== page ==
May 4, 2000
 

 

by Brennan Manning

The Way of the Cross

The signature of Jesus, the Cross, is the ultimate expression of God's love for the world. The Church is the Church of the crucified, risen Christ only when it is stamped with His signature, only when it faces outward and moves with Him along the way of the Cross.

In my book, The Signature of Jesus, I have given my heart and my language to be what it is: crude and soft-spoken, blunt and compassionate, whole and stricken, honest and provocative -- drawn from the casks of life.

The prophetic word unfailingly summons the Church back to the purity of the Gospel and to the scandal of the Cross. In his numerous letters Paul confirms that to follow Jesus is to take the high road to Calvary. Littered along the Calvary road will lie the skeletons of our egos, the corpses of our fantasies of control, and the shards of self-righteousness, self-indulgent spirituality, and unfreedom.

The greatest need for our time is for the Church to become what it has seldom been: the body of Christ with its face to the world, loving others regardless of religion or culture, pouring itself out in a life of service, offering hope to a frightened world, and presenting itself as a real alternative to the existing arrangement. "The Church that is worthy of the name is a band of people in which the love of God has broken the spell of demons and false gods and which is now making a dent in the world" (Ernst Kaseman, Jesus Means Freedom).


We are all called to listen attentively to God's first
word to us. This word is the gift of ourselves to ourselves:
our existence, our nature, our personal history,
our uniqueness, our identity.



I want neither a blood'n'guts religion that would make Clint Eastwood, not Jesus, our hero, nor a speculative religion that would imprison the Gospel in the halls of academia, nor a noisy, feel-good religion that is a naked appeal to emotion. I long for passion, intelligence, and compassion in a Church without ostentation, gently beckoning to the world to come and enjoy the peace and unity we possess because of the Spirit in our midst.

The signature of Jesus, the Cross, is the ultimate expression of God's love for the world. The Church is the Church of the crucified, risen Christ only when it is stamped with His signature, only when it faces outward and moves with Him along the way of the Cross. Turned inward upon itself in bickering and theological hair-splitting, it loses its identity and its mission.

In the closing decade of the twentieth century, what separates the committed from the uncommitted is the depth and quality of our love for Jesus Christ. The superficial build bigger barns in the euphoria of the prosperity gospel; the trendy follow the latest fad and try to hum their way to heaven; the defeated are haunted by ghosts from the past.

And the victorious minority, unintimidated by the cultural patterns of the lock-stepping majority, celebrate as though He were near -- near in time, near in place -- the witness of our motives, our speech, our behavior. As indeed He is.

Fidelity to the prophetic Word will take us along the path of downward mobility (Henri Nouwen's famous phrase) in the midst of an upwardly mobile world. We will find ourselves not on the path to power but on the path to powerlessness; not on the road to success, but on the road to servanthood; not on the broad road of praise and popularity, but on the narrow road of ridicule and rejection.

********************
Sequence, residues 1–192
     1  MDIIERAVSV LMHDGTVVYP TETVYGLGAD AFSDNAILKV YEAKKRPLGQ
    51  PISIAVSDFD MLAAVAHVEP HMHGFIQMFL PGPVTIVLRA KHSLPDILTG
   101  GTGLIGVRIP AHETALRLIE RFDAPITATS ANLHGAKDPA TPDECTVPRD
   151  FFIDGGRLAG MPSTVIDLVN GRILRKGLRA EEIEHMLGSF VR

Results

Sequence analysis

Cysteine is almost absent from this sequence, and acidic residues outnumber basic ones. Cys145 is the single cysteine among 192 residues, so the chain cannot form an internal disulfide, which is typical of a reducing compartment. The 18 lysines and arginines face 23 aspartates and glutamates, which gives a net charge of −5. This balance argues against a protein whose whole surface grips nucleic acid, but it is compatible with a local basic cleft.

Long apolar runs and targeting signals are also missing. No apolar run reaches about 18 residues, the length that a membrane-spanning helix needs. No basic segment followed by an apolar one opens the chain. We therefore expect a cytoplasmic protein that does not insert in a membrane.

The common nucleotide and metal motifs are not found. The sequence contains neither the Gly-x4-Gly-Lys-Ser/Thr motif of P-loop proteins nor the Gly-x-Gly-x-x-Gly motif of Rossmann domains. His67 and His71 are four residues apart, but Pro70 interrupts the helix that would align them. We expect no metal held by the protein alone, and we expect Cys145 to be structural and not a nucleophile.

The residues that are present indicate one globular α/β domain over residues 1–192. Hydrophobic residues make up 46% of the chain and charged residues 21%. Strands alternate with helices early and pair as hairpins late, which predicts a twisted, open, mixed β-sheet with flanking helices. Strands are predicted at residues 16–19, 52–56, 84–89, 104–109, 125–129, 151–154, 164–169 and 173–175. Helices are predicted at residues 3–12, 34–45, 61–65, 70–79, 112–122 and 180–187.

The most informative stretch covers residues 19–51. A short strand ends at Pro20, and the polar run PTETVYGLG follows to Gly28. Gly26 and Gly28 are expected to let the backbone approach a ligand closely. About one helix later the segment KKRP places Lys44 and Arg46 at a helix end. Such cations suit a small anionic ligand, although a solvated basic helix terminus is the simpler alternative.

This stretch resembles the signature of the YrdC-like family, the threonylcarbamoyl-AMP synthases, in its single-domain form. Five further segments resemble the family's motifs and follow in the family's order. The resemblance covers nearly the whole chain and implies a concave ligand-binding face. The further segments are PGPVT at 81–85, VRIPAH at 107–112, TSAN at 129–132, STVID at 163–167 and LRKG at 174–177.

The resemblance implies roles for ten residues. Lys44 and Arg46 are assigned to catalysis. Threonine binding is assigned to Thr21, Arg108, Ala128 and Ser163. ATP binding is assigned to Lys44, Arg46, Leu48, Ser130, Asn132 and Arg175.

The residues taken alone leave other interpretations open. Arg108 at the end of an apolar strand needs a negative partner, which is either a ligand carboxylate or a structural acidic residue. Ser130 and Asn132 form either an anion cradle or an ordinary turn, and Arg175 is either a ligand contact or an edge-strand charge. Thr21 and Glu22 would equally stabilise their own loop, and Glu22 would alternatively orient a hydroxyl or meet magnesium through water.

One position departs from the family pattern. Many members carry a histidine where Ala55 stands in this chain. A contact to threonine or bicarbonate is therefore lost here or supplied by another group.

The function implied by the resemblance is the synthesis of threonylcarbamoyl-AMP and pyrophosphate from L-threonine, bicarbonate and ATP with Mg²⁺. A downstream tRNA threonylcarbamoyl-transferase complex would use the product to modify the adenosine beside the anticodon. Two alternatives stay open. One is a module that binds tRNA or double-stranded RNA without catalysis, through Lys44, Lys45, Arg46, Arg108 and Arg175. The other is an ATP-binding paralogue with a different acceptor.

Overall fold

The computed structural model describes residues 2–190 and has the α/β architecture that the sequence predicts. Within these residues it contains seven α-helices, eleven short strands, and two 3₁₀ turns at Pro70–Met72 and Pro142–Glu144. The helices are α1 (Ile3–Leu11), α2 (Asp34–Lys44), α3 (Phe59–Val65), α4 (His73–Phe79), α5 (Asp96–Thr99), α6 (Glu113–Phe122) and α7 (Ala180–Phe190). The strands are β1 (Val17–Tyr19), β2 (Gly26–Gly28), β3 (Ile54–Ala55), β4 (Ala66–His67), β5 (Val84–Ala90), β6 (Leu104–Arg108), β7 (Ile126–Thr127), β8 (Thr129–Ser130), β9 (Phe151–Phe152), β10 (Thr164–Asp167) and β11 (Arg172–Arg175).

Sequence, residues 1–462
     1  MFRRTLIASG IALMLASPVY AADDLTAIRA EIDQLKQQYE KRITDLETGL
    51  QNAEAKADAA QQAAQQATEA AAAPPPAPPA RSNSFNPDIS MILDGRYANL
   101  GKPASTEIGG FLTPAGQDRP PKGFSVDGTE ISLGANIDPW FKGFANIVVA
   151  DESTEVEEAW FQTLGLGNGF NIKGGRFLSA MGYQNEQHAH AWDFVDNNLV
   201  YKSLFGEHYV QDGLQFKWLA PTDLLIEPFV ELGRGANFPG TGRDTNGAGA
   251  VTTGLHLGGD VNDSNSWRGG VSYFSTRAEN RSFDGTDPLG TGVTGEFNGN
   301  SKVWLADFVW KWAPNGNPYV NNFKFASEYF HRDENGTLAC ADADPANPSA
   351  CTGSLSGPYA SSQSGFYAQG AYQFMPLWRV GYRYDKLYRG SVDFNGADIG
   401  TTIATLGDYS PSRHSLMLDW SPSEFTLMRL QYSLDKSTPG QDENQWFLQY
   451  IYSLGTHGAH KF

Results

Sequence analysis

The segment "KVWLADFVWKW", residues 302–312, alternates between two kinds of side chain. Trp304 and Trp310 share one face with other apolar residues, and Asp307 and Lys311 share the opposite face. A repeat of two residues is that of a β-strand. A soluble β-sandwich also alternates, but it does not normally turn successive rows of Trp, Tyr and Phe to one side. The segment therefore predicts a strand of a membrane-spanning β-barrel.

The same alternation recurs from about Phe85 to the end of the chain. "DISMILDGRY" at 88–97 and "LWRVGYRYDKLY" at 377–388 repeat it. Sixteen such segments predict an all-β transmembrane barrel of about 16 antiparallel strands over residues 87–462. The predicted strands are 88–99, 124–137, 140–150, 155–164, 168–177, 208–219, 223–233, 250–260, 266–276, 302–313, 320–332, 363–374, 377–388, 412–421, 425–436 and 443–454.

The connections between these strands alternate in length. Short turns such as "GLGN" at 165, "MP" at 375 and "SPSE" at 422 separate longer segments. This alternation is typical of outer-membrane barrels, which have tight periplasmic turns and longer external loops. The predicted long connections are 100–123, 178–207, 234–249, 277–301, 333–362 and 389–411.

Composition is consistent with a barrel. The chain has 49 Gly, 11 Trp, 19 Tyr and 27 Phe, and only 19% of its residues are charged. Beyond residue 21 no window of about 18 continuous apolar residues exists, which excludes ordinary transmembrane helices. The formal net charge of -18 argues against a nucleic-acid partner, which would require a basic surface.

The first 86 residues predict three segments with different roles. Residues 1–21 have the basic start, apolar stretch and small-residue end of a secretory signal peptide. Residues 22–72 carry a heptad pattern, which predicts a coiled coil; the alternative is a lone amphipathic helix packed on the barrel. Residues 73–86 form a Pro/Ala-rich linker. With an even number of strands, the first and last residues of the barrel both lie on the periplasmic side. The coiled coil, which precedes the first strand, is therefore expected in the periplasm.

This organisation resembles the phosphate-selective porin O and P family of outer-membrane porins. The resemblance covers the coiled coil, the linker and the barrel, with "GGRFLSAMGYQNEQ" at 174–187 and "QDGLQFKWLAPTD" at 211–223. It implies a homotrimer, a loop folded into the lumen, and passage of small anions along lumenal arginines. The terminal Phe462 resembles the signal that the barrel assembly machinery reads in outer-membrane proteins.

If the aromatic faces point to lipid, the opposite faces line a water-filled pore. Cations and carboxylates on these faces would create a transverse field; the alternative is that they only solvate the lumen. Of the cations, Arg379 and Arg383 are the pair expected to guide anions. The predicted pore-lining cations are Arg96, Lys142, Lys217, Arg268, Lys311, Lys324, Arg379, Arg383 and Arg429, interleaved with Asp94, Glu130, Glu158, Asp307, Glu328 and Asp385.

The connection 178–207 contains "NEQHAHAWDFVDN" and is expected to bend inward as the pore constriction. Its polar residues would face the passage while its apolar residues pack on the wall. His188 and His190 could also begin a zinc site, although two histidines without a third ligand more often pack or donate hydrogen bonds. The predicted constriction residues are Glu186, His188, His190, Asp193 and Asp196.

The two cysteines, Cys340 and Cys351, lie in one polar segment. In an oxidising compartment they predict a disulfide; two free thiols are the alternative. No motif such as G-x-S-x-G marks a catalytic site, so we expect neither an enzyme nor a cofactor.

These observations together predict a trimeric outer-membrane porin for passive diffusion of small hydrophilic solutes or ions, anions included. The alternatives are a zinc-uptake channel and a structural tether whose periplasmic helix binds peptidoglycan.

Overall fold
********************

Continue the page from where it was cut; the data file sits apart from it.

To be like Christ is to be a Christian. Somehow we must lose our life in order to find it. Christianity preaches not only a crucified God, but also crucified men and women. "May I never boast except in the Cross of our Lord Jesus Christ, through which the world has been crucified to me, and I to the world" (Gal. 6:14). There is no discipleship without the Cross. I am not a follower of Jesus if I live with Him only in Bethlehem and Nazareth but not in Gethsemane and on Calvary.

Are you called to a life of radical discipleship? To the poverty of Mother Teresa? To the prayer of the Desert Fathers? To the martyrdom of Dietrich Bonhoeffer? To the celibate lifestyle of Jesus? To a prophetic career? To full-time ministry on behalf of the down-trodden and disenfranchised? Am I?

As you think about these questions, you'll need both honesty and discernment. Not everyone is called like the rich young man (see Mark 10:17-30) to the radical renunciation of literally everything. As Walter Burghardt notes, "Jesus never told Lazarus and his sisters, Martha and Mary, to give up all they had. He did not announce to Nicodemus and Joseph of Arimathea that they were excluded from the kingdom. Rich Zacchaeus proclaimed: 'Look, Lord! Here and now I give half of my possessions to the poor' (Luke 19:8); not all, just half. And still Jesus told him: 'Today salvation has come to this house...' (v. 9). Zachaeus's response is good enough to inherit the kingdom. This mirrors John the Baptist replying to the crowds: 'What should you do? If you have two coats, give away ...one' (Luke 3:11)" (Still Proclaiming Your Wonders).

There are varying degrees of discipleship. Shortly after my conversion, I began secretly to envy the generosity of spirit, the profound prayer, and the spiritual gifts of others in the community. It was an unforgettable experience of deliverance and liberation when, one day in prayer, my eyes fell on the words of the Baptist, "A person can receive only what is given him from heaven" (John 3:27).

Some of us have been so traumatized by life that simple survival one day at a time is our sole concern. Others have been so soiled by circumstances, scarred by physical and emotional disabilities, or bruised and battered by the vagaries of life that they are barely able to look beyond their own needs. For example, William Barry thinks of the man from whom a legion of demons was expelled. After the cure, "'As Jesus was getting into the boat, the man who had been demon-possessed begged to go with Him. Jesus did not let him, but said, "Go home to your family and tell them how much the Lord has done for you, and how He has had mercy on you"' (Mark 5:18-19 italics added). The man apparently did not bemoan this 'rejection' as an injustice. Rather, 'the man went away and began to tell in the Decapolis how much Jesus had done for him. And all the people were amazed' (v. 20)" (Finding God In All Things).